Ipec sets aside US$500k for pension loss compensation

Finance minister Mthuli Ncube told an insurance and pensions engagements meeting in Harare last Wednesday that  the issue of compensation for lost pensions should be concluded.

THE Insurance and Pensions Commission (Ipec) has set aside US$500 000 as part of its contribution towards pre-2009 value loss compensation programme, Standardbusiness can report.

The Justice George Smith-led Commission of Inquiry constituted in 2015 found some policyholders and pension scheme members were prejudiced by the conversion process during dollarisation and recommended they be compensated.

Smith’s commission blamed the value erosion largely on poor regulatory enforcement and demonetisation of the local currency.

Speaking to Standardbusiness on the sidelines of the Zimbabwe Association of Pension Funds 49th annual conference in Victoria Falls recently, Ipec pensions and life director Cuthbert Munjoma said they accepted responsibility for what happened.

“There was blame apportionment where Ipec was considered as having been slept on duty and did not adequately regulate the industry from 2000 to 2008 and did not provide guidance when there was currency debasing,” Munjoma said.

“We have since corrected that and we continue to strive to improve because we have a permanent succession as an organisation.

“None of us in Ipec management right now was there when these things happened, but we accept responsibility because the institution is a permanent succession plan.”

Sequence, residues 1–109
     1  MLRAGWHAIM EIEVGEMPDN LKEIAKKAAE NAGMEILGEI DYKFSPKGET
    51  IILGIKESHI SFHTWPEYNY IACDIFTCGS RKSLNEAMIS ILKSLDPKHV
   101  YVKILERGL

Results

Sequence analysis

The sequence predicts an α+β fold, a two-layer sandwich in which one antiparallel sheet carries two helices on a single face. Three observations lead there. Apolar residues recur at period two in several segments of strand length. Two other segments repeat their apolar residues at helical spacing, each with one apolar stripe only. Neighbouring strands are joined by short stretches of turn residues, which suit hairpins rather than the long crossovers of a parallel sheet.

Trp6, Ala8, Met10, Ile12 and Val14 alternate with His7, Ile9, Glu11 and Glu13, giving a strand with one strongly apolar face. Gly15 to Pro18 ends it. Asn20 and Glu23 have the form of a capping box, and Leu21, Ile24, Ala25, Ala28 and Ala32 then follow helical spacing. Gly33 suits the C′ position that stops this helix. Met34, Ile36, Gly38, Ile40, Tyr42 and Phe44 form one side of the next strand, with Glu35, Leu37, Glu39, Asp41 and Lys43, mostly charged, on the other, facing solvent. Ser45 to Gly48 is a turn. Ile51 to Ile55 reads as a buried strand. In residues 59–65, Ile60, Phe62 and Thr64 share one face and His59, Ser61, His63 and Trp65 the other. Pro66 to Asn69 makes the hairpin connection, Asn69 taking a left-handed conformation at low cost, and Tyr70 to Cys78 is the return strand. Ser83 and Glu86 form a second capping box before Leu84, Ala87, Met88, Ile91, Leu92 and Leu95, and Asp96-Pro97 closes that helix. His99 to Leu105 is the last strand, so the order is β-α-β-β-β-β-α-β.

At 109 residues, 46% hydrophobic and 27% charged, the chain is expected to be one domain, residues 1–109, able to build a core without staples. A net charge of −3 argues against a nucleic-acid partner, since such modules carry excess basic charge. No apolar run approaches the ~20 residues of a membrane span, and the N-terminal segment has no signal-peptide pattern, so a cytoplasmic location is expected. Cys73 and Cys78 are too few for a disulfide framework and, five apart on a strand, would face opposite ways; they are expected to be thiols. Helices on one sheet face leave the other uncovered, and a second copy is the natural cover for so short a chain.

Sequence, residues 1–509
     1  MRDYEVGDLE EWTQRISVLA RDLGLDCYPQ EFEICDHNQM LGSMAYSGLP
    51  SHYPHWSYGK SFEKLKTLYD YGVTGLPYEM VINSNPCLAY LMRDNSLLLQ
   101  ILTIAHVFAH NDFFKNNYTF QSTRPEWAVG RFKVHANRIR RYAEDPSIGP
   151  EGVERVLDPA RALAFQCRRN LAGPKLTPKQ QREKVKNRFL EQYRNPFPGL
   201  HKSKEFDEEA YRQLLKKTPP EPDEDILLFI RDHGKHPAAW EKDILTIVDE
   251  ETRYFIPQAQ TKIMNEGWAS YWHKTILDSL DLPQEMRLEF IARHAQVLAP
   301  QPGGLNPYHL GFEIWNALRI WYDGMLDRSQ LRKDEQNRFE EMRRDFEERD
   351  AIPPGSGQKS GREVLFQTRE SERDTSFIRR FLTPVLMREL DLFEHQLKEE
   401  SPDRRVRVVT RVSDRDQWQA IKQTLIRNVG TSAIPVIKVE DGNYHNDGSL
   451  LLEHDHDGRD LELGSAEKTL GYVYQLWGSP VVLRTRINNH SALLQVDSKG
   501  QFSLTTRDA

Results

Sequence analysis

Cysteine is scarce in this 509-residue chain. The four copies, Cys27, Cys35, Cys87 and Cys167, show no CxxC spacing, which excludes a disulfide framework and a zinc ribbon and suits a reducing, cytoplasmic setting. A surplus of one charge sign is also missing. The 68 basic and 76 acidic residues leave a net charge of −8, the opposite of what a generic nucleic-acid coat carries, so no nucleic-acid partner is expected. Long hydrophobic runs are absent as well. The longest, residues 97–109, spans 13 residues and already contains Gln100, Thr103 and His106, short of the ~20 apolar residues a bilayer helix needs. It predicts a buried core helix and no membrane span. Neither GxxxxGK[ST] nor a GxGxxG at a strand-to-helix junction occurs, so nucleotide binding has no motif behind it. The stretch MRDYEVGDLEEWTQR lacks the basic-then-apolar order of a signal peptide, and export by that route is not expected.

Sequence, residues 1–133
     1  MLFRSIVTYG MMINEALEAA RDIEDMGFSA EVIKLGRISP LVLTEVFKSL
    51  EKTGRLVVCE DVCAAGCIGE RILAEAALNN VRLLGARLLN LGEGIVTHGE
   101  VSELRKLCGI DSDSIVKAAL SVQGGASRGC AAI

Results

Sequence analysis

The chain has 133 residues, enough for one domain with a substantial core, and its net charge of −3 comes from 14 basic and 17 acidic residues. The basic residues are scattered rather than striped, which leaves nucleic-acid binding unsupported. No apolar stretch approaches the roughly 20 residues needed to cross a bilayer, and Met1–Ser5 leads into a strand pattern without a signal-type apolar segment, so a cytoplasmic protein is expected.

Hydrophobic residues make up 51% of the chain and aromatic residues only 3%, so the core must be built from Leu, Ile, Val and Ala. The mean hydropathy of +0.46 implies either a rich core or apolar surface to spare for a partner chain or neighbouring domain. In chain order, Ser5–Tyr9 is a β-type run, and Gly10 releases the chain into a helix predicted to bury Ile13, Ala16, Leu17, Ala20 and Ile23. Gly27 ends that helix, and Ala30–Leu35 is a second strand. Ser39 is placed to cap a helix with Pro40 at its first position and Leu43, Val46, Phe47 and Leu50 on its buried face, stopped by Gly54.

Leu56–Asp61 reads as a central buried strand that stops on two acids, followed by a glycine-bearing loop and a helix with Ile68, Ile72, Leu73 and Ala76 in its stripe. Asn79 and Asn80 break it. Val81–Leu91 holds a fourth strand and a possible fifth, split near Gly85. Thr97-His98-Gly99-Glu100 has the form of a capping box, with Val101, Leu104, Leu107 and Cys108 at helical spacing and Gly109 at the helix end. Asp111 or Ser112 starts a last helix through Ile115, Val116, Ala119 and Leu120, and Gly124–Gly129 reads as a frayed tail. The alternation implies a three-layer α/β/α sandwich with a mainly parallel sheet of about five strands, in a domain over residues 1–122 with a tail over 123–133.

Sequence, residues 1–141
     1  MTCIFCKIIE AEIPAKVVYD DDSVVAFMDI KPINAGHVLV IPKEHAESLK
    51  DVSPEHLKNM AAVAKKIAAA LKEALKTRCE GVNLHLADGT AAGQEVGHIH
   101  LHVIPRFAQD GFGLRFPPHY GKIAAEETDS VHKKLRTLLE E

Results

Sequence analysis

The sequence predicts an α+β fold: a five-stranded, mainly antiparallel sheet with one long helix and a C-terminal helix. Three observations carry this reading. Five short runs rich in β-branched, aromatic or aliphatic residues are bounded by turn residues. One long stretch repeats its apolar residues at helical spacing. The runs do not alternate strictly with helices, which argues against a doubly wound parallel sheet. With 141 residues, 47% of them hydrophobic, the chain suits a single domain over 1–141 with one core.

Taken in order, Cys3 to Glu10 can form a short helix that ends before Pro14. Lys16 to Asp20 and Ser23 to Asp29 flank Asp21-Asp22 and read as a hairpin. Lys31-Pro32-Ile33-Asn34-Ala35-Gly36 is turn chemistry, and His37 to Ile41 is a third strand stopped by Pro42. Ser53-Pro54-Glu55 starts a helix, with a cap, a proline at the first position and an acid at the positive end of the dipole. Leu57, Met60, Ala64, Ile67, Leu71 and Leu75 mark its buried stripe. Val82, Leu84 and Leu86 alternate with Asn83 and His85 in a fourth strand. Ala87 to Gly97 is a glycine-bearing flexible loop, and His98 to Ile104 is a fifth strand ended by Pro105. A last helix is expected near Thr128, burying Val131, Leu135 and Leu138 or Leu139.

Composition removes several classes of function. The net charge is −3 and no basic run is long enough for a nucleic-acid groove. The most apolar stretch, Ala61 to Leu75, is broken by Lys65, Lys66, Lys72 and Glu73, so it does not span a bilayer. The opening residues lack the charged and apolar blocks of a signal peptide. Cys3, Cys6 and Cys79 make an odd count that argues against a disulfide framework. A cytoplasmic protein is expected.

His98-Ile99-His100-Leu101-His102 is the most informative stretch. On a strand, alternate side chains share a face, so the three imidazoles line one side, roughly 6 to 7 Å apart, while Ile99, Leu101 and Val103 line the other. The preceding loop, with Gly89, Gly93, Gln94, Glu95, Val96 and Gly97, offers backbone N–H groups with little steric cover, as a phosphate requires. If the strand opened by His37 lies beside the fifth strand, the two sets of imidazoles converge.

He added: “We don’t have resources; we are funded by the market and in terms of levels, which are still in line with the international practice we are setting aside this half a million. It is a show of goodwill, an acknowledgement.

“It does not possibly fit the blame apportionment to say maybe the industry lost US$800 million.

“So 16% of US$800 million ought to be 16 by four, which will be possibly US$64 million. We don’t have that balance.

“But as an acknowledgement and show of goodwill we have committed that amount. It’s on our budget. We received the approvals from the Ministry (of Finance). We are ready to disperse.”

Finance minister Mthuli Ncube told an insurance and pensions engagements meeting in Harare last Wednesday that  the issue of compensation for lost pensions should be concluded.

“Captains of industry, we need to bring closure to this issue,” Ncube said.

“The Commission of Inquiry was concluded in 2017 and seven years later, we are still consulting, debating, colluding, finger-pointing, and making wild actuarial assumptions.

“On this one, all hands on deck as we need to see traction and unplug the bottlenecks.

“The (Ipec) engaged our offices requesting legal support on the issue. Government issued Statutory Instrument 162 of 2023 Pensions and Provident Funds (Compensation for Loss Pre-2009 Value of Pension Benefits) Regulations, 2023.”

The minister said the industry could not afford to kill the goose that lays the golden egg.

“Let me hasten to say that the pensioners, who are to be compensated are your clients and you had a contract with them and not Ipec or the government,” he said.

“As an industry you are being asked to account for those monetary liabilities that lost value while the assets and building that you bought survived notwithstanding geopolitical factors.”

Ncube said his ministry was in the process of establishing the financial sector development plan as one of the recommendations by Smith’s commission.

This, he said, was also part of the confidence-building measures in the financial sector.

“All the financial sector regulators, the Reserve Bank, the Securities Exchange Commission of Zimbabwe, the Deposit Protection Commission, and the Insurance and Pensions Commission are part of the steering committee,” he noted.

“For the economy to be an upper-middle-income society by 2030, it should be anchored on tertiary services like insurance, information and communication technology, transport and banking sectors; and should contribute more to gross domestic product than mining and agriculture.”

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